A voter inserts his ballot for the first round of the Czech Republic’s presidential elections into the ballot box at a polling station in Pruhonice, January 13, 2023. PETR DAVID JOSEK / AP
In the Czech Republic, the names of the two men who are courting the successor to Milos Zeman have now been determined. Retired General Petr Pavel and former Prime Minister Andrei Babis emerged victorious in the first round of presidential elections, according to results released on Saturday, January 14 in the evening. At the end of the first round, which took place on Friday January 13th and Saturday January 14th, Mr Pavel received 35.4% of the vote, just ahead of Mr Babis, who received 35% according to the Czech Statistical Office.
Economist Danuse Nerudova came third with 13.9% of the vote, while none of the five other candidates received more than 7%. Head to head in this first round, Mr. Pavel and Mr. Babis will face each other on January 27th and 28th in a duel that promises uncertainty.
Petr Pavel, retired General and former Chief of Staff
Petr Pavel, former Czech army chief of staff, votes for the first round of presidential elections January 13, 2023 in Cernoucek, 60 kilometers north of Prague. MICHAL CIZEK / AFP
Former military paratrooper Petr Pavel, 61, who finished just ahead of Mr. Babis at the end of this first round, has spoken out in a very different area than politics. The general is known to the general public for rescuing French soldiers besieged by the Serbs during the 1993 Bosnian War. Former Chief of Staff and former Chairman of the United Nations North Atlantic Treaty Organization (NATO) Military Committee, he is now retired.
Voting in his home village of Cernoucek, north of Prague, on January 13, Mr Pavel said the main aim of his candidacy was to restore the dignity of the presidency after Mr Zeman’s ten-year tenure. “We should also establish normal communication and try to achieve results not through confrontation but through cooperation,” he added.
When television footage showed him just ahead of Mr. Babis shortly before the end of the counting of votes on Saturday, Mr. Pavel greeted his assembled team in the historic center of Prague with loud cheers. “I’m very happy, everyone can see that,” said the otherwise serious-looking man and drew a small smile.
“I think I’d smile a lot more if the difference was, say, 10 points, but that margin is so small that I now see the hard work for Round 2 as more of a reason to celebrate,” he said. however.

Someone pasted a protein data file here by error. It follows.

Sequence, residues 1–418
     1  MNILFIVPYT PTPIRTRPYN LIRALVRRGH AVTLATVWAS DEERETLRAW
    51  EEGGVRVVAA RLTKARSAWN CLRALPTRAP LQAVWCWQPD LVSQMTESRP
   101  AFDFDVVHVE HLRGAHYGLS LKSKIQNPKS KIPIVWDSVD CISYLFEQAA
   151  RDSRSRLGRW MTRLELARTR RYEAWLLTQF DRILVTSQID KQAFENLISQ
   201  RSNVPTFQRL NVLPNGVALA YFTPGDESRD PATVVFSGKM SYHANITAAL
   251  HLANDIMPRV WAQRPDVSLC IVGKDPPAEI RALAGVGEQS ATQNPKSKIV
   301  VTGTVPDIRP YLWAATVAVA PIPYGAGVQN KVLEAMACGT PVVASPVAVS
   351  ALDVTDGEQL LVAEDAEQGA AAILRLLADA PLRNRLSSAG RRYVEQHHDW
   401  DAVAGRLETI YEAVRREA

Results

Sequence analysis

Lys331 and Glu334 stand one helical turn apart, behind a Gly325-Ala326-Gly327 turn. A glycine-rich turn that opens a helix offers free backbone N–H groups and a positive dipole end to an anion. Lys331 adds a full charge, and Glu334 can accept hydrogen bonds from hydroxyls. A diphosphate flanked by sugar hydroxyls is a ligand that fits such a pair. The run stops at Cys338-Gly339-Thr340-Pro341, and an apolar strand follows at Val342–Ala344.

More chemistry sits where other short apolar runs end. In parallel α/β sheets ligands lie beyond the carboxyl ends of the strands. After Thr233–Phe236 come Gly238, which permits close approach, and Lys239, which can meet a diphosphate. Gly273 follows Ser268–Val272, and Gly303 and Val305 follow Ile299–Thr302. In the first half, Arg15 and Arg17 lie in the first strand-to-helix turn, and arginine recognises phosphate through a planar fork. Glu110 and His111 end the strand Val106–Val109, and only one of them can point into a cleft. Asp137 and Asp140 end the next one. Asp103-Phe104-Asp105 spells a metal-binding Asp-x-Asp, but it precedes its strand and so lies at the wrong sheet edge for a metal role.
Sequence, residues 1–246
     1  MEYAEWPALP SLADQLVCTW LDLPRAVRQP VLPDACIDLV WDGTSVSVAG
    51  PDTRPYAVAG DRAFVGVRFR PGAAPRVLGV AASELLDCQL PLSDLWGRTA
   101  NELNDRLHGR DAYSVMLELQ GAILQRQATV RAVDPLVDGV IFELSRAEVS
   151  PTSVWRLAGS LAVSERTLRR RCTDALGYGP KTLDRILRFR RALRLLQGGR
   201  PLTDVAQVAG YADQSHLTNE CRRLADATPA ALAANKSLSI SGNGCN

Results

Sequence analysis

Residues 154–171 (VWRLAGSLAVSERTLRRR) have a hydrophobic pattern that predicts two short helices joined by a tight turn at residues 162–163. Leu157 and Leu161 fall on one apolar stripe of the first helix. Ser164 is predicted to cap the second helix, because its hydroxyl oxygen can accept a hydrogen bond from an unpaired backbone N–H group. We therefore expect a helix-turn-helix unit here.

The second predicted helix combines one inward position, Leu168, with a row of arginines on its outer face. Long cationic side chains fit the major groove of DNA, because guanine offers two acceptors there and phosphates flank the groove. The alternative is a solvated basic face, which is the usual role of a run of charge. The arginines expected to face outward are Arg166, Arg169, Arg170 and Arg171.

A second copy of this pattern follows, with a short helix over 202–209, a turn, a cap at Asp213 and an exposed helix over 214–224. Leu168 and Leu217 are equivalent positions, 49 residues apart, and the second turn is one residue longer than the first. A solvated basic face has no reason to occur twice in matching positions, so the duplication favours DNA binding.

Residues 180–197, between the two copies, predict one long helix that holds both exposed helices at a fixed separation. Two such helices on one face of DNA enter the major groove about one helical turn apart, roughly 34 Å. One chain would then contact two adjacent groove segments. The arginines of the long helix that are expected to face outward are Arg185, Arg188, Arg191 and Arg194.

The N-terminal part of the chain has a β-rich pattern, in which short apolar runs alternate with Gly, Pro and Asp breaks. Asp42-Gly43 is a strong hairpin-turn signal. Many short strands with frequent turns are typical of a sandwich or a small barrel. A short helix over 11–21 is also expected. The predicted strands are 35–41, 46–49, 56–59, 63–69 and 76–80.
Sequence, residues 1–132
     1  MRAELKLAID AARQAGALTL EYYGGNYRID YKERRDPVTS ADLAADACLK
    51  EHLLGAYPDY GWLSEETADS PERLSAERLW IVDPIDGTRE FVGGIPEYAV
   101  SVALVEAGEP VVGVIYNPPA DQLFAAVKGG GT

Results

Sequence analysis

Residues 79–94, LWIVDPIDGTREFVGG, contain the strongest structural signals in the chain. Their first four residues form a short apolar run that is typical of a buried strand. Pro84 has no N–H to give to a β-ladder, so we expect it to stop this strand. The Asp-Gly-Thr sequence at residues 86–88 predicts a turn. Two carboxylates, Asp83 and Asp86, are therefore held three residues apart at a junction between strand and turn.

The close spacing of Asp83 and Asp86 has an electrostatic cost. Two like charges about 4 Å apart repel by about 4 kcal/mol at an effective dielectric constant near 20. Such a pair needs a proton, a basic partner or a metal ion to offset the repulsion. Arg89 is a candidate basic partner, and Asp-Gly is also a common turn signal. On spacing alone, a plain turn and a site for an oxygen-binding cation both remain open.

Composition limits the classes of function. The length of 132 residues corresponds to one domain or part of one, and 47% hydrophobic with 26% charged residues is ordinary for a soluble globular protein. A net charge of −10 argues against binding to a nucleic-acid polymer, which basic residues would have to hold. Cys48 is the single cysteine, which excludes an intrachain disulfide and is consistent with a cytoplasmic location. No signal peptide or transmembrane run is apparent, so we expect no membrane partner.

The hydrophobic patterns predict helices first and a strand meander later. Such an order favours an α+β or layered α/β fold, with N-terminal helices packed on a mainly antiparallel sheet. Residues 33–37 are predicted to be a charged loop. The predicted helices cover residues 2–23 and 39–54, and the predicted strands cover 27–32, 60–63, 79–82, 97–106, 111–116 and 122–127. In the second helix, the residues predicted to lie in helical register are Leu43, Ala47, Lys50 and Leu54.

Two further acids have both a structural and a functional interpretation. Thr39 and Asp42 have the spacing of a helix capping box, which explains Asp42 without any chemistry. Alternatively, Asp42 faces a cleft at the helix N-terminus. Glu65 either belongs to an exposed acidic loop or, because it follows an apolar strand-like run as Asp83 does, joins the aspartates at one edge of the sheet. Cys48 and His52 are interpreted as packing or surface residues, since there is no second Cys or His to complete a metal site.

Andrei Babis, the return of the populist billionaire
Former Prime Minister Andrej Babis, candidate for the presidency of the Czech Republic, throws his ballot into the ballot box during the first round of voting January 13, 2023 at a polling station in Pruhonice. PETR DAVID JOSEK / AP
Business magnate Andrej Babis, 68, has been known for his populist positions and decisions since his time as head of government. According to Forbes magazine, the man who made his fortune in agribusiness is the fifth richest person in the Czech Republic. Prime Minister from 2017 to 2021, he resigned in October 2021 after losing the general election.
The billionaire is an extremely controversial figure. On January 9, he was acquitted in the first instance in Prague of charges of tax evasion after questionable use of EU funds. Finally, after criss-crossing the country to restore his image in the summer of 2022, he announced – belatedly – his candidacy for the presidential election.
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On Saturday night after the results were announced, Mr Babis, who was in Prague at a restaurant at the headquarters of his sprawling food, media and chemical holding company Agrofert, launched his second round of the campaign. While congratulating Mr. Pavel on his narrow victory in the first round, he assured that he “lied during the debates” and “did nothing for our country”.
Mr Babis also said he feared a smear campaign by “journalists allied with Pavel” and compared the general – who once considered a career in military intelligence – to Russian President Vladimir Putin, a former KGB intelligence agent.
Bring down record inflation
Given the results achieved by both men, the second round promises to be close and full of surprises. Before the first round, polls suggested that in case of a duel between Mr. Pavel and Mr. Babis, the former could win due to his lack of experience as head of state.
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Whoever wins this election faces record inflation (15.8%) and exorbitant government deficits due to the war in Ukraine.
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The role of the Czech president is essentially ceremonial, but the head of state appoints the government, elects the central bank governor and the constitutional judges. He also serves as Commander-in-Chief of the Armed Forces.
Since 2013, Mr Zeman, who once admitted to drinking six glasses of wine and three schnapps a day, has repeatedly exploited loopholes in the constitution to increase his influence.
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